Donn's Articles » Betting tax

Betting tax

The Irish political landscape is in such a state of flux at the moment that you may have had to pledge allegiance to some crown or other before you bartered for the newspapers this morning, but at the time of writing, the Finance Bill was just a shade of odds-on to make it out of intensive care, and that is no bad thing.

The legislation relating to the taxing of betting by Irish customers with betting operators based off-shore is a tiny part of said Finance Bill. Well, tiny if your sole concern is the solvency of Ireland Inc., the ability to pay the wages of nurses and teachers, not so tiny if your world intertwines sporadically or entirely with the sport and the industry that is the racing of thoroughbred horses.

This is the legislation that has been eagerly awaited by all of racing’s stakeholders since An Taoiseach Brian Cowen announced last May that he would introduce measures relating to the taxing of betting that would secure the future funding of horse racing. He said at the time that it was his intention to have those measures in place by the end of the calendar year. We are only 25 days beyond that deadline now, which is a serious positive given everything else that has been going on in the last nine months.

The proposed legislation will set the tax rate at 1%, as announced in December’s budget, not at 2% as proposed in the 2009 budget, nor at 1.5% as proposed by the Labour Party. While that is not surprising, it will still come as a relief to bookmakers based here. The net will be spread to include all betting operators targeting the Irish market, those based off-shore who facilitate the placing of bets on-line and by telephone, thus spreading the tax burden beyond licensed betting offices based in Ireland. The tax will be payable on every bet struck by an Irish bettor with any firm on any event, not just with an Irish domiciled company and not just on horse or greyhound racing.

There will also be a licence fee. Betting operators targeting the Irish market will be required to pay a fee of something between €5,000 and €100,000, depending on the magnitude of their operation. Price discrimination at its purest.

The contribution that betting exchanges make will at last be settled. Betfair made a voluntary contribution of €1 million per year to Horse Racing Ireland between 2006 and 2008, but that arrangement ceased then because HRI determined that it wasn’t sufficient. It was an expensive cessation. As well as the loss in direct contribution, there were also lucrative sponsorship arrangements that were discontinued, and the facility for bettors to bet with the Irish Tote through Betfair was terminated.

The figure that Betfair contributed between 2006 and 2008 equated to around 10% of the betting exchange’s gross profits on Irish racing. Under the new legislation, they will be required to pay 15% of their gross profits from Irish-based bettors. Betfair seem to be happy enough with the new proposal so, if 15% of their gross profits from Irish bettors amounts to more than 10% of their gross profits on Irish racing, you can be sure that it doesn’t amount to much more.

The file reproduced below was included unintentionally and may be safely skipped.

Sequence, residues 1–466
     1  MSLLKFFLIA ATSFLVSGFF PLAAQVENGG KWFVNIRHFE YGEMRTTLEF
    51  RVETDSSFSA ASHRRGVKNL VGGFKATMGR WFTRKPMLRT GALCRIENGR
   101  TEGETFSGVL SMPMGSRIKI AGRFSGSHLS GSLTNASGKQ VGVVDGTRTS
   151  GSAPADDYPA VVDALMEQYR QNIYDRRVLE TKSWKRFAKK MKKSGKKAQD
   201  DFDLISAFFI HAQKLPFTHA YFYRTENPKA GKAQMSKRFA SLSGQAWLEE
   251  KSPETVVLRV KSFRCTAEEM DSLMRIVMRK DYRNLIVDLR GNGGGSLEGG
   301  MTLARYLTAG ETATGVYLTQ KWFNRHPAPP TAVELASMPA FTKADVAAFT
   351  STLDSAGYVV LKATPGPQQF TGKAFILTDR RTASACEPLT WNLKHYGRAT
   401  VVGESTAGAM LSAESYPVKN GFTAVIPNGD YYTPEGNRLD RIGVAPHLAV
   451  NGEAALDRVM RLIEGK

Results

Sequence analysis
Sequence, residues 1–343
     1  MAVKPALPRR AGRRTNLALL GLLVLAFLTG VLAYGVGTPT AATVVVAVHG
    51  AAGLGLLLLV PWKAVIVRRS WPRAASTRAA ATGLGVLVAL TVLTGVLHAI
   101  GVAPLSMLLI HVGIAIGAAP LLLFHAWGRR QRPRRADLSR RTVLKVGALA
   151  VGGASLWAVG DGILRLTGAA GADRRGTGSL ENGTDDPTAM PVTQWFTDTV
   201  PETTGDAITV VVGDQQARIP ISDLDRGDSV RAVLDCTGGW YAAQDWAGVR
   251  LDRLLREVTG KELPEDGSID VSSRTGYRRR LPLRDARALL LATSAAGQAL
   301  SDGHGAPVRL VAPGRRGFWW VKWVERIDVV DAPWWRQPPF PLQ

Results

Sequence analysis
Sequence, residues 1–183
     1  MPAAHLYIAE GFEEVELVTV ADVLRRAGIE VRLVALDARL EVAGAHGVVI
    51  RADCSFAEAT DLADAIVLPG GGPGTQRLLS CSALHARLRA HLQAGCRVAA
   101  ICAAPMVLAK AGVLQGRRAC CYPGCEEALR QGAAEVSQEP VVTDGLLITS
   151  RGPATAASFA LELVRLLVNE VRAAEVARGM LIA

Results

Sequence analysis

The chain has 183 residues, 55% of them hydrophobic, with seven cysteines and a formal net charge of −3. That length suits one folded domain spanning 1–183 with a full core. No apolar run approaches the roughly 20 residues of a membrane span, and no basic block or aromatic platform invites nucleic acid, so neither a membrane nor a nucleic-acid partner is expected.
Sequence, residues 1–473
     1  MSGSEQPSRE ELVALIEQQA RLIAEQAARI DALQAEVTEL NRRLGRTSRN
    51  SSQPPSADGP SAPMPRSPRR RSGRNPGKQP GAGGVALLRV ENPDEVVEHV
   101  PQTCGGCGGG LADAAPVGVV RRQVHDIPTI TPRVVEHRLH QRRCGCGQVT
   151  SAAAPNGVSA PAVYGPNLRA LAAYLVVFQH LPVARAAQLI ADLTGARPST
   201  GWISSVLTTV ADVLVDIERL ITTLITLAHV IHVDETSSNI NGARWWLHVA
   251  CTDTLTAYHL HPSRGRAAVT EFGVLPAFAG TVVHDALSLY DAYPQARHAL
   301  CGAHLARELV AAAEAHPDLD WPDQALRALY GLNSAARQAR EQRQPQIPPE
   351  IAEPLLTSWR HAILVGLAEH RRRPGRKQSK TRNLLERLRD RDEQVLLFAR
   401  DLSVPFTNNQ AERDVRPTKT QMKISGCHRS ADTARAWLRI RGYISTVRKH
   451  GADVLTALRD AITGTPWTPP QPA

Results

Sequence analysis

Several questions remain. First, there is the question of whether or not the tax revenue generated can or will be ring-fenced for the funding of racing. That is at the heart of the legislation, there can be no doubt that that was An Taoiseach’s intention when he made the announcement last May. However, there is many a slip twixt cup and lip. The spirit in which something is intended and the reality that develops can be quite different, especially these days in Leinster House when everything that isn’t stapled to the floor is up for grabs.

There is nothing in the legislation as it stands to determine that the revenue will be used for the funding of racing. It is important that this be addressed, otherwise it is all a largely fruitless exercise from racing’s point of view. The tax revenue could ostensibly disappear into the national coffers, to be used to pay ex-ministers’ pensions, and then racing is back to going cap in hand on an annual basis, at the mercy of the impulses of whatever government we end up with.

Secondly, there is the question of the amount of funding that will be raised. The government estimate that the spreading of the tax net could garner an extra €20 million in revenue. Add that to the €31 million that was generated in betting tax last year, and that leaves €51 million, which is still €6.3 million short of the €57.3 million contribution that will be made by the government to racing this year, and even that figure is 25% down from the €76.3 million that was contributed in the good old days in 2008.

Thirdly, there is the policing issue. How will betting operators based in Gibraltar, with no physical presence in Ireland, be convinced that it is in their interest, that it makes good business sense, to pay a licence fee and a percentage of their turnover from Irish customers? Perhaps most will be voluntarily compliant, but you can be certain that all will not. What sanctions will be used against them if they choose not to comply?

Finally, there is the question of what products will be subject to the tax, sports betting products only or all products offered by the betting operator: poker, bingo, casino games?

That detail will be contained in the Betting Amendment Bill, which should be imminent.  We can probably wait another few days.

© The Racing Post, 25th January 2011